It's been a while since I've blogged on this site and I thought I'd add a little update. Still have this Blogger based blog after all these years even with the new upstarts Tumblr and Posterous doing some interesting innovation in the micro blogging space. It seems Twitter has grabbed my attention and become a real source for curated content and social networking.
Friday, January 07, 2011
Thursday, September 17, 2009
Recently, my wife and I decided to clean out our guest bedroom. The closet was overflowing with photos collected over two lifetimes and one seven year marriage. Among those photos were some relics from my high school past. My father came for a visit a few months back and brought me a box of photos and old school records.
As we began sorting through photos of yesteryear I can across some old high school basketball team photos and interestingly enough my junior varsity stats dropped out. Now, I remember JV basketball quite vividly. I played on the team as a sophomore and junior. Our junior season the team went 17-2, losing only twice to the same team. What a rivalry!
In looking at the stats and seeing who the top scorers and the top rebounders were my name was middle of the pack. Maybe the third leading scorer and fifth in rebounding. Nothing special right. By just looking at the stats you would think this guy's not the MVP, but you'd be wrong.
I learned very early on from sports that the MVP on any team is the person who passes the ball and plays defense. These are the skills which win championships. As I write this I think of teams like the Sacramento Kings era with Chris Webber, Vlade Divac, Doug Christie, Peja Stoyakovic, and Jason Williams.
Just like that Kings team I always had a game plan in my head to pass the ball to setup my teammates for the easy shot first. They enjoyed playing with me because I gave them easy shots and made them look good. Only when they all were struggling did I take matters into my own hands and shoot or take the ball to the hoop. I saved my energy for defense.
I loved d'ing up the best guy on the other team, putting my chest in his and frustrating the heck out of him. There's nothing better than shutting down a top scorer or forcing turnovers for easy buckets. I'd get so close on defense he'd think he had a siamese twin. Forced shot, rim, grab the rebound and run the floor. Easy two!
Mimimize the other teams strength and exploit their weakness was my approach. It's very Sun Tzu and the Art of War. I know this is a technology blog, but my point here is simple.
To compete in sports, life, and business we need to do the dirty work which minimizes the advantage others have and delegate responsibility to our team rather than being a one man show. I loved teams with one cocky, big headed star who thought he could carry the team alone. Shut him down and the team falls to pieces.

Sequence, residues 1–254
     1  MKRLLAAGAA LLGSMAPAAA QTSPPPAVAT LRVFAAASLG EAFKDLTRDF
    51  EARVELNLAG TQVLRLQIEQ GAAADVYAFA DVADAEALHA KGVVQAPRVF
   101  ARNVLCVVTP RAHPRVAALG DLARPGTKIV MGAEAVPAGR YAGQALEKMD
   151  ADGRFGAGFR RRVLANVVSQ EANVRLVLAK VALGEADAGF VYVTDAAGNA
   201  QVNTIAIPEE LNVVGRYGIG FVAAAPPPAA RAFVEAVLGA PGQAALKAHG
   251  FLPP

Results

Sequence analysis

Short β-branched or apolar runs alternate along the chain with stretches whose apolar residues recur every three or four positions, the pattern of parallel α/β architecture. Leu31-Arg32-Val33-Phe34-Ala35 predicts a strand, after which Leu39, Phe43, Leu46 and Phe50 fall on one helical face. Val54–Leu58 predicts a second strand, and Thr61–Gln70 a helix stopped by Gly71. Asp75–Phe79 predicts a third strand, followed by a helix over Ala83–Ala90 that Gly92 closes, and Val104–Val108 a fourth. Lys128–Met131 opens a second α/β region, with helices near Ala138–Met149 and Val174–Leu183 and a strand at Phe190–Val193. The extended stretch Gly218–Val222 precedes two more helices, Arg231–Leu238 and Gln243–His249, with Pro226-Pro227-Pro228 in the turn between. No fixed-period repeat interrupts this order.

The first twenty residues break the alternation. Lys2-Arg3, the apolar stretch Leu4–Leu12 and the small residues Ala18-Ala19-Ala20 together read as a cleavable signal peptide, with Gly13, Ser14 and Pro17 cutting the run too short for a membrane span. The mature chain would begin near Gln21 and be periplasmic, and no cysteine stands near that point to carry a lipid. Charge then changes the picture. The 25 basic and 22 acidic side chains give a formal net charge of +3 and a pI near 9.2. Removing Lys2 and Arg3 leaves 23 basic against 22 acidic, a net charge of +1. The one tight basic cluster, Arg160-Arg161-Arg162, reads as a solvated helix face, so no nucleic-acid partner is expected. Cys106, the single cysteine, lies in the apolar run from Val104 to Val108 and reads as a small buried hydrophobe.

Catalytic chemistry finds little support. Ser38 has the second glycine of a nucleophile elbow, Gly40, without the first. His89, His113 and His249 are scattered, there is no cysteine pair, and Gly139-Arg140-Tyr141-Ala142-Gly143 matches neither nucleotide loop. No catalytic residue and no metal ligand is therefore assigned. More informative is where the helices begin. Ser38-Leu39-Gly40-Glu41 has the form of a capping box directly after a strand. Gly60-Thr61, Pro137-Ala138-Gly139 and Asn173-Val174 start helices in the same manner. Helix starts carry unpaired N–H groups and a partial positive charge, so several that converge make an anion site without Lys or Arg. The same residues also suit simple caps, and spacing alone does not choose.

Do the dirty work to make the team's job easier. Play defense. As a business owner or manager delegation is hard. Mistakes happen, the job doesn't get done exactly like you would have done it, but many times people will surprise you with brilliance. Give up control and instill trust in your team. Pass the ball.
Remember these two things and all the other good things will fall into place.
Tuesday, September 15, 2009
Feedly, the new Firefox addon is absolutely fantastic. Admittedly, I'm still trying to figure out how this beast works, but it is so easy to use, fast, powerful that it is most surely a game changer in the news reading world. Feedly has quickly become my default start or home page.
Just recently heard about Google Fast Flip from the TC50 conference. Tried it and just don't get it. I use Netflix and wirelessly download their movies and TV shows to my tv through Wifi. Ocassionally I visit Netflix.com and browse through movie and tv show title looking for good content. Interesting that I cannot do that from my TIVO interface on my tv, but that's another story.
The point is that when searching through massive amounts of data pictures have no meaning. Text is easier to browse quickly and determine what is relevant and what is not interesting. Try it. Search on Google images or Netflix and try to decipher meaning form the images alone. Then begin focusing on the text alone ignoring the images.
Google Fast Flip sucks in my opinion and Feedly is going to be the aggregator of choice. I've been looking for a home page/start page service like this and thinking about this very interface for months. Feed readers never took off because the user interface was terrible.
Watch for feedly to gain mass adoption in 2nd qtr of 2010. The limiting factor is that this is a firefox addon and is not available, as far as I know, for IE or Safari.
I'm going to continue my deep dive into the guts of this beast and see what I can find.
Friday, July 31, 2009
"Our digital performance has been aided by ownership stakes in
"As we continue our successful migration to a multimedia company, we are less vulnerable to print declines and the secular shifts of advertising to
"We are among the leaders in our industry in
"As we look to the second half, we will remain vigilant in our efforts to become more efficient and permanently reduce costs. Through the first six months of 2009, cash expenses, excluding restructuring charges, are down 23.6%, and we expect cash expenses to be down in the mid-20s percent range for the remainder of the year.